• Finances. We hate to put it first, but the reality is your finances are one of the main things that determines your preparedness for becoming a homeowner. Unlike renting, there's a lot more that goes into the home financing process than just your income. Banks will want to see your credit score to ensure you have a history of paying your bills on time. They'll also use your credit information to see how much debt you have and if you'll be able to take on homeowner's expenses on top of that. Another financial impact for buying a house is to determine if you can afford a downpayment. It's one thing to see that you can cover your bills with your income, but unless you have enough money saved for the downpayment (and any emergency expenses that may come up) you should wait a while and save before hopping into the market.
  • What are your longterm plans? Many people are excited at the thought of home ownership to the extent that they forget their life circumstances. If you have a job that might cause you to relocate in the next 5-7 years you might want to consider renting rather than buying. Depending on factors like the price of the home, cost of living in your area, and how long you plan on living in your new home, it may be cheaper to buy or rent in the long run. There are calculators available online that will tell you which option is†probably more cost-effective for you. As a general rule, however, if you plan on living in a new home for under 5-7 years, it might be cheaper to rent.
  • Do you have the time and patience to be a homeowner? Owning a home means you can't call on the landlord to fix your leaks anymore. Similarly, you probably won't be able to depend on someone else to shovel snow or mow the lawn for you. It takes work to be a homeowner, and if your job has you away from home for long periods of time or working very long hours, renting might not be appropriate at this time.
  • Plan for new expenses. If you can comfortably pay rent and you find out your home loan payments will be comparable, you should know that there will likely be new expenses to consider as well. Home insurance, property taxes, and expenses for things like sewer, plumbing and electrical repairs all should be taken into consideration. Additionally, you will likely have new utility bills, including electricity, water, oil, cable, and others depending on the home.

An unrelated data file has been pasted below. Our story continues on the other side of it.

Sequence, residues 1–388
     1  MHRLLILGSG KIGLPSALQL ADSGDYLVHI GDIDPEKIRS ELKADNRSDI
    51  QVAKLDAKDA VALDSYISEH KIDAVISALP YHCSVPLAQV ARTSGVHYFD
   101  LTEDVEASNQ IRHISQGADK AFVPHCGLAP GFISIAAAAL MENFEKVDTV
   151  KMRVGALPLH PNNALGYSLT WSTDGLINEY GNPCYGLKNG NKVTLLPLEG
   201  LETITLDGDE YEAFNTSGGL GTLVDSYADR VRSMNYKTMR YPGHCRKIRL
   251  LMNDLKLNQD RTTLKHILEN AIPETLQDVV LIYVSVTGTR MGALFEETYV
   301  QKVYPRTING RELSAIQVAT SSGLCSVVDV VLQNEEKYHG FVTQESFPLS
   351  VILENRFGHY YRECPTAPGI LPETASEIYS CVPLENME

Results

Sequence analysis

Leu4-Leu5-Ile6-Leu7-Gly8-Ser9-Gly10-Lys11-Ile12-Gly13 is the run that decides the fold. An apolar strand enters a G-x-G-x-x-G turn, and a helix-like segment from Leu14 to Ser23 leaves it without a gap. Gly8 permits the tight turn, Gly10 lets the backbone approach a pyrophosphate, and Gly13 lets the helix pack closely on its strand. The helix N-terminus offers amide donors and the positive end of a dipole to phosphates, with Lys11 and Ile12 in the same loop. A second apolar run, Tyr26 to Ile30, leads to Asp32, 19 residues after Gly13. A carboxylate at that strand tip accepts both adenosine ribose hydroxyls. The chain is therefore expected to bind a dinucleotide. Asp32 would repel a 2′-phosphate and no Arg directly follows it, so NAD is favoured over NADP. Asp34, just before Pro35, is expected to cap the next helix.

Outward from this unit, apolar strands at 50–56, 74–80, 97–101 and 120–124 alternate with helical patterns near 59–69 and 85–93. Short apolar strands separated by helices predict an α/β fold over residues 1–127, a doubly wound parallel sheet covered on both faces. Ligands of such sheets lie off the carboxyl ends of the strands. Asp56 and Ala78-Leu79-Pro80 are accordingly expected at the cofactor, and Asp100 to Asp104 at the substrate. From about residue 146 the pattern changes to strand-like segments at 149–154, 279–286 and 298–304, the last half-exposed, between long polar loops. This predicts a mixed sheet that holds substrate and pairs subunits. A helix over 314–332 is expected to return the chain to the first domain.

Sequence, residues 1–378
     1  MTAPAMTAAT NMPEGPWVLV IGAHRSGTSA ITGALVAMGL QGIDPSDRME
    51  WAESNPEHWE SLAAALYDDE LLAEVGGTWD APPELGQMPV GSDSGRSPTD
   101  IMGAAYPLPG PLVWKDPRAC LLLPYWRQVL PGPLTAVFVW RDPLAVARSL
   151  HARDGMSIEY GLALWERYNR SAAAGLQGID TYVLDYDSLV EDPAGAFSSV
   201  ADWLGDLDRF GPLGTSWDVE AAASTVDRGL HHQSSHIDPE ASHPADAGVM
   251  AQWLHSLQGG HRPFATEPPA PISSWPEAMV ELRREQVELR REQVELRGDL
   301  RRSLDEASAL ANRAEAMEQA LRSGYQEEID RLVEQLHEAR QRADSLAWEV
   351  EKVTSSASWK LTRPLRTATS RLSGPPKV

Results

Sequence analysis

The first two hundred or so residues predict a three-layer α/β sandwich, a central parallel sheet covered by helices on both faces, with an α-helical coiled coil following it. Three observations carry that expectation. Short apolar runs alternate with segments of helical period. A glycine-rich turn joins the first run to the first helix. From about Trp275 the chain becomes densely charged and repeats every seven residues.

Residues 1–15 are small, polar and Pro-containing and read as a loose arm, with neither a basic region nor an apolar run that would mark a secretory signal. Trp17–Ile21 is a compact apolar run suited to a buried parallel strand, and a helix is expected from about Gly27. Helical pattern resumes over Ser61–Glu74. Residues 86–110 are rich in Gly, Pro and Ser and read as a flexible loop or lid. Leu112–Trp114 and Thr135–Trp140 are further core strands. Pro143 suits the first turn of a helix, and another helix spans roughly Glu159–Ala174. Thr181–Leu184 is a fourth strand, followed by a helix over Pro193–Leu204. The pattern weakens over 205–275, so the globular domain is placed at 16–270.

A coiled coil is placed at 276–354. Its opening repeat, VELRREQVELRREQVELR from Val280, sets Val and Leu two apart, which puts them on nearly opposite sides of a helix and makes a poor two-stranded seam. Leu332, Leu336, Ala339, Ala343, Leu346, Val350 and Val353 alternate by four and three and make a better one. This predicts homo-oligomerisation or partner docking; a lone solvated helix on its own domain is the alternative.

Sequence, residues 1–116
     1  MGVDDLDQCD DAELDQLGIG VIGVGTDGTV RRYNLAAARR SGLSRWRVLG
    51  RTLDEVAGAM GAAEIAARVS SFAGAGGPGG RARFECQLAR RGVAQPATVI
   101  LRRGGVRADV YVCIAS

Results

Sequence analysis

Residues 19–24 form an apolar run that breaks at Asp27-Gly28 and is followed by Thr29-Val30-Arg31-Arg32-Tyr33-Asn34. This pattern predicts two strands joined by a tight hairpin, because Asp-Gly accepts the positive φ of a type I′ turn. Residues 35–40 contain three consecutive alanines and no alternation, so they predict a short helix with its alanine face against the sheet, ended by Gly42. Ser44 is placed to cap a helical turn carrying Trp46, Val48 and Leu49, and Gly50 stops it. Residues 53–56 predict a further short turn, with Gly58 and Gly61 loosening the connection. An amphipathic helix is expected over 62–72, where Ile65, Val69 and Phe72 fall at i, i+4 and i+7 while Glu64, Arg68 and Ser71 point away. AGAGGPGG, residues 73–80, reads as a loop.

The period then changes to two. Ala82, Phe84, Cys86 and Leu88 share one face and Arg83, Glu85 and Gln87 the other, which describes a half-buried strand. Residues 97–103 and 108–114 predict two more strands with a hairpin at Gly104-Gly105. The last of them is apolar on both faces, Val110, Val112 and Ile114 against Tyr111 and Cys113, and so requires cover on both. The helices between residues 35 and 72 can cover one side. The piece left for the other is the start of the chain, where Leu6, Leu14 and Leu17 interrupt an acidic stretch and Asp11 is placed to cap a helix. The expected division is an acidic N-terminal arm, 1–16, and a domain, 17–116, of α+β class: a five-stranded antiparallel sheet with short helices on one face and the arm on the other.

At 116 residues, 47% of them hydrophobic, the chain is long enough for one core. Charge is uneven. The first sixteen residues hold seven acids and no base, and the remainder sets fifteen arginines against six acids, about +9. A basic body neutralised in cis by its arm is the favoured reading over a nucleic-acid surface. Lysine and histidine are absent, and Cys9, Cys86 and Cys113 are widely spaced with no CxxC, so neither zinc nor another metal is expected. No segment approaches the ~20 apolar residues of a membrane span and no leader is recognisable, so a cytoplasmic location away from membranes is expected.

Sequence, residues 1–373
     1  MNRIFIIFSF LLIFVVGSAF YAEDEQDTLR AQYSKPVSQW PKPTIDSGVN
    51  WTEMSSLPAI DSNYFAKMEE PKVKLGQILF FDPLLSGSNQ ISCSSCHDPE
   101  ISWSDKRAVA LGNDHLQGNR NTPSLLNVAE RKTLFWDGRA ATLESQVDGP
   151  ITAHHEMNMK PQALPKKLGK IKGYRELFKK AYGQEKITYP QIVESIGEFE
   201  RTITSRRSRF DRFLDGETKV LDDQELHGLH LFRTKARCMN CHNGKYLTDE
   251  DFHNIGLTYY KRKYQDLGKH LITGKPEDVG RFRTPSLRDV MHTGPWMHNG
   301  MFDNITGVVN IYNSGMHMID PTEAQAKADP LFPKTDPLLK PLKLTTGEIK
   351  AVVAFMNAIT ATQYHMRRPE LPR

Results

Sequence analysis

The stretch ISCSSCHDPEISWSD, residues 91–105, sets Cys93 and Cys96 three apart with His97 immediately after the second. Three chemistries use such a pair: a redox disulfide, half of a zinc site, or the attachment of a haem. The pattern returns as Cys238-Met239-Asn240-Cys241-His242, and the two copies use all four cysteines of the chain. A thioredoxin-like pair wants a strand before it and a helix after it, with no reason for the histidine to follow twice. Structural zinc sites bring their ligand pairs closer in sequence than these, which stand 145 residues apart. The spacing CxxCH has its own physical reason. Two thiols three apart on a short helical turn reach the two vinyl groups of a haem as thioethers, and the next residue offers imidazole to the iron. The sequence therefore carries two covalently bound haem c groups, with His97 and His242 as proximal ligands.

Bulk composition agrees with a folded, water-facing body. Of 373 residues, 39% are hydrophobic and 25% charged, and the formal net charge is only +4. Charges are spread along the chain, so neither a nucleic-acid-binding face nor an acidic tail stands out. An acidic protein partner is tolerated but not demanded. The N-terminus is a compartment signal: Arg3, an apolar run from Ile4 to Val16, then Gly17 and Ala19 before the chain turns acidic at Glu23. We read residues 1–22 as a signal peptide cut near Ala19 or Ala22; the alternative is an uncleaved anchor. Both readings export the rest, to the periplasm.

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Posted by Andrea Kenney on 10/9/2017

If youíre hunting for a new home and have come across one that fits all of your requirements and more, it can seem like the only thing you can do is make an offer and wait.

However, your first choice could also be another buyerís dream home. And, if a higher bid isnít feasible, you have to find other ways to win over the seller. One way this can be achieved is through writing a letter to the owner of the home.

If youíre bidding on your dream home, writing a letter the the owner can be anxiety inducing. Choosing what to reveal and finding the right words can be scary, even for the most seasoned writer.

So, in this article weíre going to walk you through writing a letter to a seller to give you the best possible chance of winning the bid for a new home.

Tell them why you love their home

If youíve fallen in love with certain aspects of the home, thereís a good chance the sellers did too. Be personal in your explanations. Rather than just say you love the location, mention that it is a perfect distance to walk to the playground with your children or pets. This will help buyers better understand you and your story.

If you have family who lives nearby, or if the home has features that can greatly improve the life of you, your family, or your pets, be sure to mention this in the letter as well.

Donít press or plead, just be polite

It can seem desperate and off-putting to receive a letter pleading with you to sell your home to someone. So, when youíre writing your letter and you come to the end, simply thank the buyer for their time and for reading, compliment them once more, and wish them luck in their new home.

Revise and review

It can be tempting to send your letter immediately after writing it, especially if writing is you donít like writing in general. However, itís always a good idea to revise. I suggest writing your letter one night, then reading it again the next evening to give yourself time and distance from it--this way youíll be reading it with fresh eyes and will be able to find any wording that sounds strange or confusing.

Itís also a good idea to run your writing through a free proofreader like Grammarly. And, finally, there is no substitute for having an editor. Ask one of your friends or family members to read the letter and give you feedback.

Stand out from the crowd

There are a few things you can include in your letter to set you apart from other potential buyers. Including a family photo will help the sellers put a face to the names you mention in the letter.

It can also be helpful to print and mail the letter, rather than sending it electronically. Since we so rarely receive a physical copy of a letter these days (unless itís from a bill collector), it can be nice to receive something positive in the mail for a change.